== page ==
NZIIS Introduction

Introduction from Hon Grant Robertson (Minister of Finance), Richard Wagstaff (President) and Kirk Hope (Chief Executive).

As New Zealand looks to move beyond the economic and social impacts of COVID-19, there are important lessons to be learned from the way in which we were able to support one another through an unprecedented series of challenges. 

Government programmes such as the Wage Subsidy Scheme and Resurgence Support Payment aimed to protect New Zealanders’ livelihoods and economic wellbeing. This was primarily done through keeping people in their existing jobs and supporting businesses most directly affected by the pandemic.

As we look toward a future where economic activity might be moving toward new sectors and industries, it is appropriate that we consider how we continue to ensure New Zealanders’ economic security. Future shocks may occur at an international, national or regional level. Equally, individual businesses or workers may find themselves subject to economic displacement for a range of reasons.

Rather than supporting workers to remain attached to their current jobs, as the Government did throughout COVID-19, we need policies that provide economic security to the individual directly and support them to transition into new work, regardless of the source of their displacement.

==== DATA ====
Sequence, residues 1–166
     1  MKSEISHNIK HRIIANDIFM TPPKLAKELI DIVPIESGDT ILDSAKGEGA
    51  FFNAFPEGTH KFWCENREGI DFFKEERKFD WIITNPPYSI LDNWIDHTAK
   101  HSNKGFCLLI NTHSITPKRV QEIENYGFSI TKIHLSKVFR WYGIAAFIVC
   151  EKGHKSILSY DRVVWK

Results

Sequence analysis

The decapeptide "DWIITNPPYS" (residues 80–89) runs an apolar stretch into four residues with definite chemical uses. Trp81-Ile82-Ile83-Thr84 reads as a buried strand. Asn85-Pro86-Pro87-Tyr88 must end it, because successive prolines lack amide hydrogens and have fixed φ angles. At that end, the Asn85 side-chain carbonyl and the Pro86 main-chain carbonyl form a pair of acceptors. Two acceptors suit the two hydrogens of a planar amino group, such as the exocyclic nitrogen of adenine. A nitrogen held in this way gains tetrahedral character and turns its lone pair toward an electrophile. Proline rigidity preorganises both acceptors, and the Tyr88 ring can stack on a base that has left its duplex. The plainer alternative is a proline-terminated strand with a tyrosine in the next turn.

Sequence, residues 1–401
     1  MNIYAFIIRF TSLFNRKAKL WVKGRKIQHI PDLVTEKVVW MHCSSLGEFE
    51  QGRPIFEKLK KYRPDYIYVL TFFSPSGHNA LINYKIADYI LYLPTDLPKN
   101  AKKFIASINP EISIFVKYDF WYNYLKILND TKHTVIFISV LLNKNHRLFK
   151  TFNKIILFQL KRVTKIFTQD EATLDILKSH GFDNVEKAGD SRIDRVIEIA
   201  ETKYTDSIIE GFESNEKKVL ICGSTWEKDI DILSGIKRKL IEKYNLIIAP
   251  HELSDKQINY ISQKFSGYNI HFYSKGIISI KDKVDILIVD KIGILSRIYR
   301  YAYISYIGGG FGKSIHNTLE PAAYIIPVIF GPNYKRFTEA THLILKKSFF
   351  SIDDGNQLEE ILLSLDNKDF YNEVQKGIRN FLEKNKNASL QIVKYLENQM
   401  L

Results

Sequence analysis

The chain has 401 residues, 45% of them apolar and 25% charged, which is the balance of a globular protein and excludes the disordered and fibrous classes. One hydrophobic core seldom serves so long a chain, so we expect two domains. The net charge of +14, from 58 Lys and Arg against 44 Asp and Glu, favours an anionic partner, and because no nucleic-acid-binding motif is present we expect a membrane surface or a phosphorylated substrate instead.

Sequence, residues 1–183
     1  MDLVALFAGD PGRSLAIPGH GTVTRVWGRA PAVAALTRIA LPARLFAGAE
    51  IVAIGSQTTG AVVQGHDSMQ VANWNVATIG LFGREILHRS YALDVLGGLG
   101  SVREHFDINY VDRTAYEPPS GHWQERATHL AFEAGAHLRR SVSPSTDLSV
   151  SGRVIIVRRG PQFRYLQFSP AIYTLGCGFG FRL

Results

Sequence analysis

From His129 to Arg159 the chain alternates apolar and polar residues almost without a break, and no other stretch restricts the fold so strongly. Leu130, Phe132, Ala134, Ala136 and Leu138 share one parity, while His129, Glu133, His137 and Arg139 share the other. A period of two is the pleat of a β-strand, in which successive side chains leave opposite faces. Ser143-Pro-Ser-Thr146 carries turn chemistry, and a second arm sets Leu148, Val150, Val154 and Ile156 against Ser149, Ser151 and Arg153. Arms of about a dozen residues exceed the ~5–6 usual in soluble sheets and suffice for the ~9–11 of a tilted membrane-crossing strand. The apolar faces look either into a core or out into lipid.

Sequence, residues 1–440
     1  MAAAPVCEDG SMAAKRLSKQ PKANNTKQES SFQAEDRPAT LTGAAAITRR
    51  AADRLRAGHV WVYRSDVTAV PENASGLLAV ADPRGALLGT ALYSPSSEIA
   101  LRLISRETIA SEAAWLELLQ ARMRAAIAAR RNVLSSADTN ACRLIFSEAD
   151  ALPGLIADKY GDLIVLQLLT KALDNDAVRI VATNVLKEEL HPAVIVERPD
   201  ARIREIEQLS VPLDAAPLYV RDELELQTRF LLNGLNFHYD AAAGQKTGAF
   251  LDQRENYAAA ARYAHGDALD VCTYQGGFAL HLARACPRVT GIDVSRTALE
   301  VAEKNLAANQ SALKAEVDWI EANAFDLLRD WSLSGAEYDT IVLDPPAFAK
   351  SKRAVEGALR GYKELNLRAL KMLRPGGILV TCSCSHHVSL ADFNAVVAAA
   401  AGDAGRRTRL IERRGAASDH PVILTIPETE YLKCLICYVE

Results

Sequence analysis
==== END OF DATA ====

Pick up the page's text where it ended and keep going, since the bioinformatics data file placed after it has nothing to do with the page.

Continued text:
Few protections are available for people who lose their job. Some receive redundancy payments, but this depends on employment agreements, and is rarely paid if a business fails. Others are supported by welfare, but the drop in income can be large, and many aren’t eligible. This often results in a significant income shock that can affect wellbeing and earnings, even when a person finds new work.

That’s because finding a good job takes time. Many people accept lower-paid jobs that don’t match their skillset because of the financial pressure to get back to work quickly. Others might not find work, because their skills are no longer needed, as old industries close down or new technologies replace work previously done by people. These wage losses run into the billions of dollars every year.

People dealing with a health condition might try to keep working to maintain an income, often making their health worse or delaying their recovery. An existing or new disability might mean they need to reduce their work hours or can’t keep doing the same job, and they struggle to retrain for a new career.

These outcomes don’t just harm individuals and their families, they affect businesses, communities and the economy. In short, everyone.